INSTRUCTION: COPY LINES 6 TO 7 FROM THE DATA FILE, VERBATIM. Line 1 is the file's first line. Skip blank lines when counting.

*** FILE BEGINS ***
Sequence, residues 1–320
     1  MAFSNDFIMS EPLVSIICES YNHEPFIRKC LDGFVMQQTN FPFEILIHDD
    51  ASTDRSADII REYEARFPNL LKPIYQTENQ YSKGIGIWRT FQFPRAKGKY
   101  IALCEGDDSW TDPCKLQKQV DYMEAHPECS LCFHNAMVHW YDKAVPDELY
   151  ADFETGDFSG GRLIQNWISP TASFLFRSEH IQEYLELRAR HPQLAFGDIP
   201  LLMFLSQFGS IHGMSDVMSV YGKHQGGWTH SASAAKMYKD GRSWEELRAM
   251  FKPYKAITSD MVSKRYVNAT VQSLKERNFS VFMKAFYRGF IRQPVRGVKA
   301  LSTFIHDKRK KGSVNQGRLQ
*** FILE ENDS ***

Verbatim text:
   201  LLMFLSQFGS IHGMSDVMSV YGKHQGGWTH SASAAKMYKD GRSWEELRAM
   251  FKPYKAITSD MVSKRYVNAT VQSLKERNFS VFMKAFYRGF IRQPVRGVKA